On July 12, Jefferies analysts downgraded Rocket Companies (NYSE:RKT) from buy to hold while cutting their price target for RKT stock by 31% to $18.
As I write this, the mortgage originator’s stock is trading at or near the analysts’ target, suggesting it could be dead money over the next 12 months.
The cause for concern? A price war is brewing on the wholesale front that would crush margins. It’s so troubling; the class action lawyers are pounding the pavement looking for plaintiffs to take down the company.
If you’ve owned RKT stock since the initial public offering (IPO) in August 2020, you’re sitting on a small loss. Compared to the 35% gain by the S&P 500, it’s a gut punch, for sure.
But that’s not the toughest part of Rocket’s lack of performance. The real difficulty is deciding what to do at this point. Do you hang tight? Buy some more? Sell completely?
I’ll look at all three options.
You Should Hang Tight
The issue at hand is that it’s hard to know what’s currently happening in the mortgage origination space. But, as my InvestorPlace colleague, Chris Markoch, said recently, RKT stock should be booming given the housing market is relatively robust here in July 2021.
But it’s not. It’s down 12% year-to-date (YTD) through July 16. Investors are trying to figure out who will benefit more from a mortgage market that leans toward new home financing rather than refinancing existing homes.
Markoch reminds readers, with an assist from Ian Bezek, that Rocket competitor UWM Holdings (NYSE:UWMC) would see the greater benefit because it focuses on new mortgage applications.
He concludes his late June article by suggesting Rocket’s future direction is too murky. As a result, investors should stay away until the mortgage marketplace is easier to evaluate.
To a certain extent, I would tend to agree. But, unfortunately, there appears to be little in the way of catalysts to move Rocket’s stock higher at this point.
That would explain why a majority of analysts covering RKT rate it a hold at the moment — 12 out of 16 with a median target price of $19.25 — but if you do own the stock, the fact the target price points to a 10% upside suggests you might want to hang tight until more information is in.
Buy Some More RKT Stock
I learned from the March 2020 correction that it pays to buy on the dip. In Rocket’s situation, I don’t think you can characterize its performance as a falling knife. It seems more like a beginner’s hill at the local ski resort.
InvestorPlace contributor Nicolas Chahine — ranked the number four blogger at TipRanks — pointed out at the beginning of July that every time Rocket’s stock’s fallen below $20, buyers have jumped in to push it back up. Long-term, a trade at current prices should deliver outsized gains because it’s got a strong balance sheet and great fundamentals.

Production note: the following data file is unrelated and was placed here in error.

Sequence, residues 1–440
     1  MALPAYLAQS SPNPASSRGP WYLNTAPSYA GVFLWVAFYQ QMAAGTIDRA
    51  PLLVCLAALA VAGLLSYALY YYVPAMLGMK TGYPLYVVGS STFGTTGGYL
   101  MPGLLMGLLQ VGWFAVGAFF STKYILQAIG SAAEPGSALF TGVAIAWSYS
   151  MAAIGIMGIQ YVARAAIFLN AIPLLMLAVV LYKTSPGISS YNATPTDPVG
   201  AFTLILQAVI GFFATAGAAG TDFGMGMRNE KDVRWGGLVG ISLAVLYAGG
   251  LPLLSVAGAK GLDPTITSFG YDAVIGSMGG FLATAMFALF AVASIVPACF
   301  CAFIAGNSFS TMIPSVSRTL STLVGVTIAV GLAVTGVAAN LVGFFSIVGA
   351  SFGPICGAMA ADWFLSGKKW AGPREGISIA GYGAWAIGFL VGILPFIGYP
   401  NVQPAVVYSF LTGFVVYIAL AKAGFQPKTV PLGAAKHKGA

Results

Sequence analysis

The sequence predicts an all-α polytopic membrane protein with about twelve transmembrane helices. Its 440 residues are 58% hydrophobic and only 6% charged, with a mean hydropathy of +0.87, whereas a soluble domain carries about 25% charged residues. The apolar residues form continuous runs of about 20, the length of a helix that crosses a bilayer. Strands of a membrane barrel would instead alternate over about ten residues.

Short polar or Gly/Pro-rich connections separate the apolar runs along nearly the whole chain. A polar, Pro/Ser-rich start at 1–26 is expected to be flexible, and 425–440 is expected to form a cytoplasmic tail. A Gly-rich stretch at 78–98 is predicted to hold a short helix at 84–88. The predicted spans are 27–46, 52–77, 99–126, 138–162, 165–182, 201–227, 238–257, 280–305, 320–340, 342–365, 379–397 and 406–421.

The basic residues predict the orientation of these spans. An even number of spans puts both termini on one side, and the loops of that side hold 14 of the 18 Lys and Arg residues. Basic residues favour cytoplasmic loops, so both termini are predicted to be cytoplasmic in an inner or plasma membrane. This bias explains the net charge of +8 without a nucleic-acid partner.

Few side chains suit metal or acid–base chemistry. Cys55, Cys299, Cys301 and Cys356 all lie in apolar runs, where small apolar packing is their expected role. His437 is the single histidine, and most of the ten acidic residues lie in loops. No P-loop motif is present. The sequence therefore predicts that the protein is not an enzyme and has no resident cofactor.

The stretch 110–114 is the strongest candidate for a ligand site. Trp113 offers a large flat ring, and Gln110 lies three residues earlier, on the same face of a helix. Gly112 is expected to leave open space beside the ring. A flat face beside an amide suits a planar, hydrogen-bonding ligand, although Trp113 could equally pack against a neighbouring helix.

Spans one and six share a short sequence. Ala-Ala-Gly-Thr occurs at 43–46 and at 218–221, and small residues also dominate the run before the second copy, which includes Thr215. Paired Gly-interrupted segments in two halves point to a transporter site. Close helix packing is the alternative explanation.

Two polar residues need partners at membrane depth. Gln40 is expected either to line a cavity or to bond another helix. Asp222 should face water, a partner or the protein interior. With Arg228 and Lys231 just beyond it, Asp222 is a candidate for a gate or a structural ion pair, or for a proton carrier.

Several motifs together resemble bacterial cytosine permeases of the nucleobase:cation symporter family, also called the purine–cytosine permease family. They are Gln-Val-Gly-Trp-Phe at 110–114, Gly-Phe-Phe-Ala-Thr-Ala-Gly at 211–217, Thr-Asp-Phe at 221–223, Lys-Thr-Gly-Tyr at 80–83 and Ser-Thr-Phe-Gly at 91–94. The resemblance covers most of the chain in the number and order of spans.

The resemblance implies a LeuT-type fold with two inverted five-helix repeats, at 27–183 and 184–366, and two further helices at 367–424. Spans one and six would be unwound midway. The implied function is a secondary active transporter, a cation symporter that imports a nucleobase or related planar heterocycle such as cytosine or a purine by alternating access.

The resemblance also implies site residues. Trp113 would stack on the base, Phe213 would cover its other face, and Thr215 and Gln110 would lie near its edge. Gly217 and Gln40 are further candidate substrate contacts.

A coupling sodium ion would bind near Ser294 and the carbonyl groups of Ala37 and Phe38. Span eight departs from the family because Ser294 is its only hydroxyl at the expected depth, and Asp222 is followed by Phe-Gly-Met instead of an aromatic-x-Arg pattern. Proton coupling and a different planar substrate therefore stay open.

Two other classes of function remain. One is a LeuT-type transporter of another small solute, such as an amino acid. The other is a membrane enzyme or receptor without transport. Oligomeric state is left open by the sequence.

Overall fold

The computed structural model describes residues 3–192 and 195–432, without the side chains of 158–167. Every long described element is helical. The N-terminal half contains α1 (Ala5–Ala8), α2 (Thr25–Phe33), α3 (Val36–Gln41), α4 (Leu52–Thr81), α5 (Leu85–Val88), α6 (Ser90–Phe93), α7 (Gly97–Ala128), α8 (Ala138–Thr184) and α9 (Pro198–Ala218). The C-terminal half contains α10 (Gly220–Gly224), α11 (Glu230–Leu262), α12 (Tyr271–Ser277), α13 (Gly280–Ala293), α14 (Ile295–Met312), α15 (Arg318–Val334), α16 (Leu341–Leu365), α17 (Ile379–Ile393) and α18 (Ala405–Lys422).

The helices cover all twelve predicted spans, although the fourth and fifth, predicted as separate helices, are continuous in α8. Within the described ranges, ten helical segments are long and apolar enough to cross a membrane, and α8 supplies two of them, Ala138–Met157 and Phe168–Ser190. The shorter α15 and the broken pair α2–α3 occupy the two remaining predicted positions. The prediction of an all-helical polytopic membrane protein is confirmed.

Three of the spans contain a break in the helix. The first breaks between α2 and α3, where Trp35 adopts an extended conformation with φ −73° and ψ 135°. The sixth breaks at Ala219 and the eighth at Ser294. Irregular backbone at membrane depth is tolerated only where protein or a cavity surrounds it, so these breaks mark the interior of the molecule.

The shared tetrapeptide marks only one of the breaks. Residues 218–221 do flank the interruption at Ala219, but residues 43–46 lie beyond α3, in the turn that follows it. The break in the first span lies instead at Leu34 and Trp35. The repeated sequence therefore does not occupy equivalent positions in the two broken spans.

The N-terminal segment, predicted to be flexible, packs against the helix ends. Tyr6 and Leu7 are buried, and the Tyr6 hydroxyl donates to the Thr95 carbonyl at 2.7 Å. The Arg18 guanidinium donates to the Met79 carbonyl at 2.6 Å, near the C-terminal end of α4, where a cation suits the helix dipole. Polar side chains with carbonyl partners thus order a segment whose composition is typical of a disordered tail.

I would argue that he’s right to a point. However, should a price war heat up, those fundamentals won’t appear to be nearly as strong in 12-18 months. So that’s the risk you take at this point.
In late May, I suggested that RKT stock was a good bet in the teens for speculative investors. As long as you buy under $18, I think your downside shouldn’t be more than a couple of dollars.
As Chahine suggests, any good news will quickly push RKT into the $20s.
The third option is to get out while RKT is still in the teens.
How is it possible that the company added $886.5 million in cash to its balance sheet in Q1 2021 and trades at less than 12x cash, yet investors are actually contemplating its stock at less than $10?
Well, consider that United Wholesale Mortgage’s parent sells for 7.9x cash based on a market cap of $12.5 billion divided by $1.59 billion in cash at the end of March. Thus, UWMC is currently valued at a discount of 34% to Rocket on a price-to-cash basis.
So, the question you have to ask yourself is whether Rocket’s deserving of this premium.
If you annualize Rocket’s Q1 2021 net revenue of $4.58 billion, it trades at 1.9x sales. Do the same for UWMC, and you get 2.6x sales based on Q1 2021 net revenue of $1.19 billion. In terms of pre-tax income, UWMC has a pre-tax margin of 73.4% compared to 62.0% for Rocket.
A big part of the difference in margins has to do with total expenses. For example, UWMC’s salaries are 17.9% of net revenue while Rocket’s salaries are 18.4%.
However, the biggest difference is that Rocket’s marketing and general & administrative expenses are considerably higher than UWMC because it has a direct-to-consumer business that requires a lot more leg work and cost but generates far more revenue and profits.
If there’s one thing I’ve learned from companies such as Nike (NYSE:NKE) is that it’s far more profitable to go direct to the end consumer than work through go-betweens.
For this reason, I believe Rocket deserves a significant premium to UWM Holdings.
If you own, do not sell at least until it’s back in the $20s.
On the date of publication, Will Ashworth did not have (either directly or indirectly) any positions in the securities mentioned in this article. The opinions expressed in this article are those of the writer, subject to the InvestorPlace.com Publishing Guidelines.
Will Ashworth has written about investments full-time since 2008. Publications where he’s appeared include InvestorPlace, The Motley Fool Canada, Investopedia, Kiplinger, and several others in both the U.S. and Canada. He particularly enjoys creating model portfolios that stand the test of time. He lives in Halifax, Nova Scotia. At the time of this writing Will Ashworth did not hold a position in any of the aforementioned securities.